5. Tears are a healing thing – let them come.
    I saw tears of healing yesterday that had been 3 years in the making.  People who felt alone throughout the entire struggle who found out that others felt the same way.  Individuals who were hurt deeply hearing that others shared their pain and were hurt because they were hurt.  I saw tearful apologies made – confessions about what should have been done, but wasn’t – and sorrow expressed over it.  Relationships that were strained were put back together and the tears were almost like the glue that did the bonding.  Emotion can get out of control – but it doesn’t have to.  Church leaders, let’s lead our people into that appropriate, Godly sorrow that Paul talked about when conflict arises.  Let’s take them to that place of humility so that God can do something with them.

Church conflict is never fun, and seldom something we look back on with fond memories.  But we can do our best to help the people under our care walk through it in a healthy way – but it will require that we do some things that we’ve tried to avoid.  We Pastors/Elders should set the example of being “bold” for the sake of proper church unity and function.

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12 thoughts on “After the Church Conflict

  1. Carey,

    This is a great post and it was nice of you to share the experience. I have been to a few churches that have had issues causing conflicts within the congregation, but always swept under the rug. Our new church was the first I had been to that handled a conflict up front. It was their 16th anniversary Sunday and instead of just celebrating this event and ignoring events that occurred the week prior, the pastor designed the whole service around healing the church and apologizing for hurts that may have been. No specific issue was raised, but it revolved around one of the worship leaders resigning and it brought to light some issues the pastor and elders were not aware of. During the service he shared some of the meetinsg that had taken place and interactions with congregation people. He then had people within the pews huddle together as friends or family and pray for certain things for the church as a whole and for each of us as individuals. It was a wonderful service to have the whole church with these pockets of prayer teams and very humbling. I wish more people in churches could handle issues the way you have outlined and more similarly to how this church handled it. Thanks again for the wonderful thoughts God has given to you to share with us.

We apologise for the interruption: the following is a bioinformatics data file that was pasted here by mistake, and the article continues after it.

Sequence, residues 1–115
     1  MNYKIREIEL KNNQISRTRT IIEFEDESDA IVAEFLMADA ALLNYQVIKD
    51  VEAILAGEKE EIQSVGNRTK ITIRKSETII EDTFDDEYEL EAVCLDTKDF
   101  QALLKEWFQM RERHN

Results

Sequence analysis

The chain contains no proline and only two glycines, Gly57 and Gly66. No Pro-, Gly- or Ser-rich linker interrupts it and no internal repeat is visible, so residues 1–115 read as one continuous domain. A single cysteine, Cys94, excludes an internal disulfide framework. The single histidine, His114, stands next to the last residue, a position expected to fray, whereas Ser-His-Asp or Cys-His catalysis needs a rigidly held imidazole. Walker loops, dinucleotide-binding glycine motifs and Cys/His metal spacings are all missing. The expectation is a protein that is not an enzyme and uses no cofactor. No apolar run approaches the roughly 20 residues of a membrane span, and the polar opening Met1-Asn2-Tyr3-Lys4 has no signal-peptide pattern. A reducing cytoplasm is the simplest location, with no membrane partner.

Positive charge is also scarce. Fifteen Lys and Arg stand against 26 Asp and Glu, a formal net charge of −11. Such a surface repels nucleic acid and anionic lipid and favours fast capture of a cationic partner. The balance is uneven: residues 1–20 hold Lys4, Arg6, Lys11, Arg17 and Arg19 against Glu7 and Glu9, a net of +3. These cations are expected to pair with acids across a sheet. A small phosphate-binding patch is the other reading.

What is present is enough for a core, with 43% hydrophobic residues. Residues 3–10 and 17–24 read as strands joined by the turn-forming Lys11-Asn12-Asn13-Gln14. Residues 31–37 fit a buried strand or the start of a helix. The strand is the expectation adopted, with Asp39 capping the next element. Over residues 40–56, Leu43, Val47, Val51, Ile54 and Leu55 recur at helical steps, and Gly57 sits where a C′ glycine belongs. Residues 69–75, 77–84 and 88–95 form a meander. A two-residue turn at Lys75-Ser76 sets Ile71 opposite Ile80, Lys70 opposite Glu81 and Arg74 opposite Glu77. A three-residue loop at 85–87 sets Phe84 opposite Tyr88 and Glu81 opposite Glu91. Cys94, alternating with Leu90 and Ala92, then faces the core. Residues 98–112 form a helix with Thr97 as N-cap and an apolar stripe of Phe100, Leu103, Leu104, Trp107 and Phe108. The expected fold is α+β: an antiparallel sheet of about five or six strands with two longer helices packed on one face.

2. Thanks Mike,

    Something in me just won’t let things go underground. The church is supposed to be about truth – not hiding. How will the people of our churches learn how to handle conflict graciously if we don’t show them how.

  3. Hmmm. This just makes me think about some things that happened to me. I was in the midst of the conflict. Although I worked closely with the pastors, considered them my friends, they choose to believe the exagerations of others rather than support their leaders. They also spoke with others about things that happened although the other people did not need to know about the happenings. In the end, they basically ran me off. I would blame myself for most of what happened except that this same leadership has “run off” several other key members of their congregation including people who had been at the church for many years before they arrived. All of this has hurt me deeply. I have been in prayer about these things and overall I feel healed…I definately haven’t given up on God or anything like that. I do however have difficulty trusting those in leadership. I feel syinical these days. I do wonder how long it will take before I can look to leadership and believe they are looking out for the best interest of their church rather than just trying to control every aspect of ministry in their church.

  4. Hi cbgrace, thanks for joining the dialogue…

    I know your feelings – I had a very similar situation occur in the early years of my ministry career – only I was the first of the many to be run off by the elders (in that church). Looking back I can see the same pattern repeated there over and over. Some of us, leaders included, learn lessons very slowly, and have blind-spots as big as the earth – and still can’t see them. And we continue hurting people because of them.

    My encouragement to you would be this – look to God, the only TRULY faithful one. He’s behind it all, in your life AND theirs, doing what only He knows how to do – working all things together for good. Sounds trite, I know, but it’s actually a very profound and liberating truth.

  5. Carey, That is about the only thing that has kept us going. We know we are called to ministry but do not feel called in the capcity of “pastoring” which means we are thinking outside the “box” as it were. Still we would LOVE to have a pastor to mentor us and guide us in establishing ministry.

  6. I can understand where you are at – really. And “outside the box” can be very good when God is in it! Just look at Jesus – born-of-a-virgin-carpenter-intinerant-teacher-from-an-out-of-the-way-place. Not exactly “traditional” is it? I’d be happy to carry on a dialogue over e-mail at least – if you think it would be helpful. And depending on where you live, we could possibly make arrangements to connect at some point. Blessings.